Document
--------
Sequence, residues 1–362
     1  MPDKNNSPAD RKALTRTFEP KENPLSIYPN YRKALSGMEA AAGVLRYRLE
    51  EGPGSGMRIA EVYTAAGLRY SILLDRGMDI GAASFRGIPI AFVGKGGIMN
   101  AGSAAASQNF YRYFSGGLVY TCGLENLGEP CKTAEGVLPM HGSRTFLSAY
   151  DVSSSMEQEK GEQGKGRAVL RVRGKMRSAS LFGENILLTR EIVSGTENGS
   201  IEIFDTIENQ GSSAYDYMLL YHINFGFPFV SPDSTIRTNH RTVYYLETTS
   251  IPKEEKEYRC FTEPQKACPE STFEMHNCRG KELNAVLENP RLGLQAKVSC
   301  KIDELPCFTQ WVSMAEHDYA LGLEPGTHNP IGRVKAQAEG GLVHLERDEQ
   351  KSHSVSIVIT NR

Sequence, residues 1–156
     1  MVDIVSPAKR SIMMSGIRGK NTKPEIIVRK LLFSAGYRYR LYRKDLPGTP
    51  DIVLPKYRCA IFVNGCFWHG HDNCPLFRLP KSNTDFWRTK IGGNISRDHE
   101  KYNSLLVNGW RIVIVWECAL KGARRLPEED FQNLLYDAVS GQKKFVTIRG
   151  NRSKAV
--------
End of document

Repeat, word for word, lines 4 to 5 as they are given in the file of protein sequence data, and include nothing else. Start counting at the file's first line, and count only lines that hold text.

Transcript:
   101  AGSAAASQNF YRYFSGGLVY TCGLENLGEP CKTAEGVLPM HGSRTFLSAY
   151  DVSSSMEQEK GEQGKGRAVL RVRGKMRSAS LFGENILLTR EIVSGTENGS